June 18, 2018
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Library group seeks city backing

Diana Weddell (left) of Frankfort and Melissa Flewelling of Pittsfield work on geneological research at the Bangor Public Library Friday afternoon. Staffing in the Bangor room and children's area in the library is in jepardy if proposed cuts of $173,900 are approved. BANGOR DAILY NEWS PHOTO BY GABOR DEGRE
By Eric Russell, BDN Staff

BANGOR, Maine — The crowd packed into the Bangor City Council chambers and spilling into the hallway on Thursday was as big as any in several months. The attendees didn’t all speak, but their collective show of support for the Bangor Public Library was meant to send a clear message to councilors: Be prudent with our budget.

Librarian Barbara McDade addressed the council, and her impassioned remarks about the benefits of the library and why the city should support it financially drew rousing applause.

“We are a cradle-to-grave service, free to the public,” she said, turning to gesture to the audience. “This is who is using your library.”

Earlier this spring, interim City Manager Robert Farrar presented an initial 2011 municipal budget that included a $32,900 reduction in the city’s contribution to its public library. After discussion by some councilors, an additional reduction of $141,000 was proposed. The overall cut of $173,900 represents a 13.2 percent drop in municipal support for a library budget of about $2.4 million.

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Councilors discussed the library, along with several other smaller budget lines, at a workshop on Thursday — one of many between now and when the council will make final decisions on the budget.

“The conversation was very beneficial. The process that we’re using now, especially to assess the impact of any cuts, is rewarding,” council Chair Richard Stone said. “My mindset is, I don’t like to wait until there is a crisis and then manage it.”

Councilor Cary Weston said he was sympathetic to the library supporters but also said the dozens of people who attended Thursday’s workshop didn’t necessarily represent the other 33,000 residents looking for tax reprieve.

“I’ve been asking them all, ‘What would you prefer that we cut?’” he said.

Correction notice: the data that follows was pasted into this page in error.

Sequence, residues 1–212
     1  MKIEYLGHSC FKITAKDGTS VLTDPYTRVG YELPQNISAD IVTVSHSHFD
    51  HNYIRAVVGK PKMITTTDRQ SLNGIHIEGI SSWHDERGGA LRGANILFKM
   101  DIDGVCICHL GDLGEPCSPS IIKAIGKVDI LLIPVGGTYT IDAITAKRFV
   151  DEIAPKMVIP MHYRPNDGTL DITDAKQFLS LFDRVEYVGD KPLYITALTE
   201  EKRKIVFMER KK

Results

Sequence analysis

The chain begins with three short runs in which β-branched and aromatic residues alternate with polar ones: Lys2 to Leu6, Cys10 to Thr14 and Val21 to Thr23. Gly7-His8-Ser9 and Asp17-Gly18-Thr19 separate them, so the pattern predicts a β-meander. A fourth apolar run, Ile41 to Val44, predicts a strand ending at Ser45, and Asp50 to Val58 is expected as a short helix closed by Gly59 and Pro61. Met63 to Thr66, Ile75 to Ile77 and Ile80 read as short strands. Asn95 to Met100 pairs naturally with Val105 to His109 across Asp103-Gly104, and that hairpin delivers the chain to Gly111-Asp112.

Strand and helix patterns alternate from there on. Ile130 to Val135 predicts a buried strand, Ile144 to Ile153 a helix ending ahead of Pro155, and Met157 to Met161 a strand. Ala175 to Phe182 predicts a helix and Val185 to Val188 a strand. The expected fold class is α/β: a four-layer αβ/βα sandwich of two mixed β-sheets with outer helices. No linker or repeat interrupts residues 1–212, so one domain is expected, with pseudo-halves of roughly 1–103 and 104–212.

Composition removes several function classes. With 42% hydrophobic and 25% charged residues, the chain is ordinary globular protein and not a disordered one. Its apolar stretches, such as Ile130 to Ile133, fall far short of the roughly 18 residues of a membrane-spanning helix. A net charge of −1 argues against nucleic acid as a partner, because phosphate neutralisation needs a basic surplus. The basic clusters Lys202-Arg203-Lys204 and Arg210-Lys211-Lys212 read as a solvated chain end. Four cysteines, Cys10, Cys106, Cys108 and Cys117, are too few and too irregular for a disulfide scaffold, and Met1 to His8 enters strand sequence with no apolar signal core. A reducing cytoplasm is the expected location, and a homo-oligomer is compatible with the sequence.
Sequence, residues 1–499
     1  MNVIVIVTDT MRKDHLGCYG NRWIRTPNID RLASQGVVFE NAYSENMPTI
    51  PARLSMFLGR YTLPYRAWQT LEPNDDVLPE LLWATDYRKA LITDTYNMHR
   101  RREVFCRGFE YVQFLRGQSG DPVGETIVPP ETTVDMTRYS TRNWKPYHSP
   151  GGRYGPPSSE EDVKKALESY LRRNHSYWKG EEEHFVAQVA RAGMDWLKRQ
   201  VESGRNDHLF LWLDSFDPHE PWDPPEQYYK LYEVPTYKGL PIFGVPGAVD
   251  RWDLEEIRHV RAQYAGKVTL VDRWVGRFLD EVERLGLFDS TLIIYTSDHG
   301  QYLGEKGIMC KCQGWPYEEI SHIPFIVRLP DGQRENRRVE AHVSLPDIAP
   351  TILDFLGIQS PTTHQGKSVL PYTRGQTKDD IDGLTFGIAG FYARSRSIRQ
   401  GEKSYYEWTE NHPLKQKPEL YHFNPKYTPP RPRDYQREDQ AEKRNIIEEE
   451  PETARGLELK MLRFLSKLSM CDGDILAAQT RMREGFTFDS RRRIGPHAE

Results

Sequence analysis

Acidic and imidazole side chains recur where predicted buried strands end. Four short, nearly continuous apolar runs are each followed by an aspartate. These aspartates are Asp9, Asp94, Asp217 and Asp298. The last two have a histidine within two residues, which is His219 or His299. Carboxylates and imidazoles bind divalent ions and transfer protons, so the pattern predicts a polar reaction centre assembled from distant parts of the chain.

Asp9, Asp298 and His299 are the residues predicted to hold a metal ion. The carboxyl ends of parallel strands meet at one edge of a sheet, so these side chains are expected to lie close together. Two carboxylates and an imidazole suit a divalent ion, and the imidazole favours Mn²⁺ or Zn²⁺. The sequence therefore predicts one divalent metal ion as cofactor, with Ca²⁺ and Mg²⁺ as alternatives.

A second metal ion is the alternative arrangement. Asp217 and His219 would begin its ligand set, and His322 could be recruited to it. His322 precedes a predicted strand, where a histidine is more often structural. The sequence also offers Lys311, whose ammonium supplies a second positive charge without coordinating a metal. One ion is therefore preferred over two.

The library, like many agencies the city supports, is technically not a municipal department. Aside from contributions from Bangor and money from the state, the library operates on an endowment built by gifts and donations.

But, McDade said, “it’s not like we’re an unconnected nonprofit asking for a handout.”

McDade said if the $173,900 budget reduction holds up, she will need to close the library’s local history department, cut back hours in the children’s department and lay off staff or reduce hours for her 31 full-time employees and seven part-timers.

Last year, the library instituted six unpaid furlough days to deal with a budget shortfall.

McDade, who shared several anecdotes about why she’s a librarian, also said library use has gone up in the last year not down.

Three other library supporters also had the chance to address councilors on Thursday.

Norman Minsky, president of the library’s board of directors, urged councilors to treat the library as it has tried to treat the city.

Frank Bragg, president of the Bangor Mechanic Organization, a civic group that founded the library in 1830, encouraged Bangor to avoid “draconian” cuts that would injure the library’s ability to provide public services.

Finally, local author and library trustee Tabitha King shared memories of the Bangor Public Library as a beacon for her when she was a child.

“What happens when you cut so much that you can never get it back?” she asked.

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